For the tenth day in our Christmas book countdown, I bring you some South African Christmas celebration! It is a warm weather holiday filled with family, good food, a bit of chaos and an interesting friendship between a girl and her chicken. Let’s talk about What’s Cooking, Jamela? by Niki Daly, 2001.
This is the kind of book that I greatly love: one that introduces me to culture very different from my own, is an entertaining story with great illustrations, and also surprises me with a heart-warming tale with a bit of silliness. It is odd to read of a warm-weather Christmas, as my own are nearly always very cold and often snowy. A good portion of picture books present cold Yuletides as well, so Jamela’s tale is a welcome change to my literary fare.
It is the story of a young girl excitedly helping her mother prepare for the coming Christmas holiday and special meal with their family. Her mama allows her to help choose a young chicken to feed and mature for Christmas Day. On the way home, Jamela names the chicken Christmas and despite her mama’s subtle warnings, becomes very attached to the bird as she feeds and waters it each day. When the fateful Christmas Eve arrives, her wise mama attempts to send her on an errand, but Jamela fears the worst and sneaks Christmas along. The crowded streets and noise unnerve Jamela and poor Christmas chicken runs away. Jamela heads home torn between fear of punishment for her actions and delight that Christmas will not be in any pot the next day. The dear bird turns up at a most inopportune time and Jamela and her patient mama have a very humorous discussion about whether or not you can eat friends.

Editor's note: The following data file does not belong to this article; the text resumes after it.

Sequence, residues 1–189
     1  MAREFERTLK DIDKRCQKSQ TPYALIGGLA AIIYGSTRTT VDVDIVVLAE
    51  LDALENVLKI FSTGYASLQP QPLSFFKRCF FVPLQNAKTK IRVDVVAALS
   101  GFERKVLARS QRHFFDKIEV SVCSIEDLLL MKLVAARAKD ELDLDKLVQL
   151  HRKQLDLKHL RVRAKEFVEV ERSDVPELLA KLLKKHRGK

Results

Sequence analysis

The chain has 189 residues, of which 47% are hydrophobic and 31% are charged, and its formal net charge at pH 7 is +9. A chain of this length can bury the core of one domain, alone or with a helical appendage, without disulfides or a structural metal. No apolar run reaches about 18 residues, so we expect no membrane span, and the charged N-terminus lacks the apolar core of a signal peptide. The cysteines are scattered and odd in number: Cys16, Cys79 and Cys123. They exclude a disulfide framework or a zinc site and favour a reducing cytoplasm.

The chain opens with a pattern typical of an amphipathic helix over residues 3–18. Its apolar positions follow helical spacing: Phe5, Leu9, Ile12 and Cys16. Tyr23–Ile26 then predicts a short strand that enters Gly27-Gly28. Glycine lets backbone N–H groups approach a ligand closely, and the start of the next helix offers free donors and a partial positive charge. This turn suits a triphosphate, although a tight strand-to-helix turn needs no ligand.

Similar in plot to this year’s adorable book, Sophie’s Squash, I love Daly’s handling of this subject without toning it down much for young readers. The facts are that chickens are often raised for eating and it is quite a predicament to become overly attached to one’s dinner. The presentation of the story is unique for an American audience not just because of the South African setting, but also because we are often so far removed from our food before it shows up on our table that the chance to befriend it is pretty slim. I’m not a vegetarian by any stretch, but I do think a lot more familiarity with how food gets to our table would help us make better decisions regarding what we eat and how it is cared for prior to that.
I wish I could remember reading a book like this when I was little as I feel my perspective is skewed as an adult and I find myself less sympathizing and more just entertained. I marvel at the patience of the mama and her problem-solving in the end.
The author and illustrator, Niki Daly, actually lives in Cape Town, South Africa along with his fellow children’s book creator wife. He has created many well-loved picture books including one that I have yet to see which contains the same town and characters as this one, Jamela’s Dress. Daly’s characters have great movement and style and I also adore his color palette – presenting the earth tones of the area sprinkled with the pops of the South African township personalities. His is a loose style that tightens up for just the right moments. Every time I read through this Yuletide tale, I find myself catching and wondering over different details about the region and their traditions for celebration. This is a unique Christmas story that I wholeheartedly enjoy and smile through again and again.
Follow along our book adventure at 25 Days of Christmas in 2013.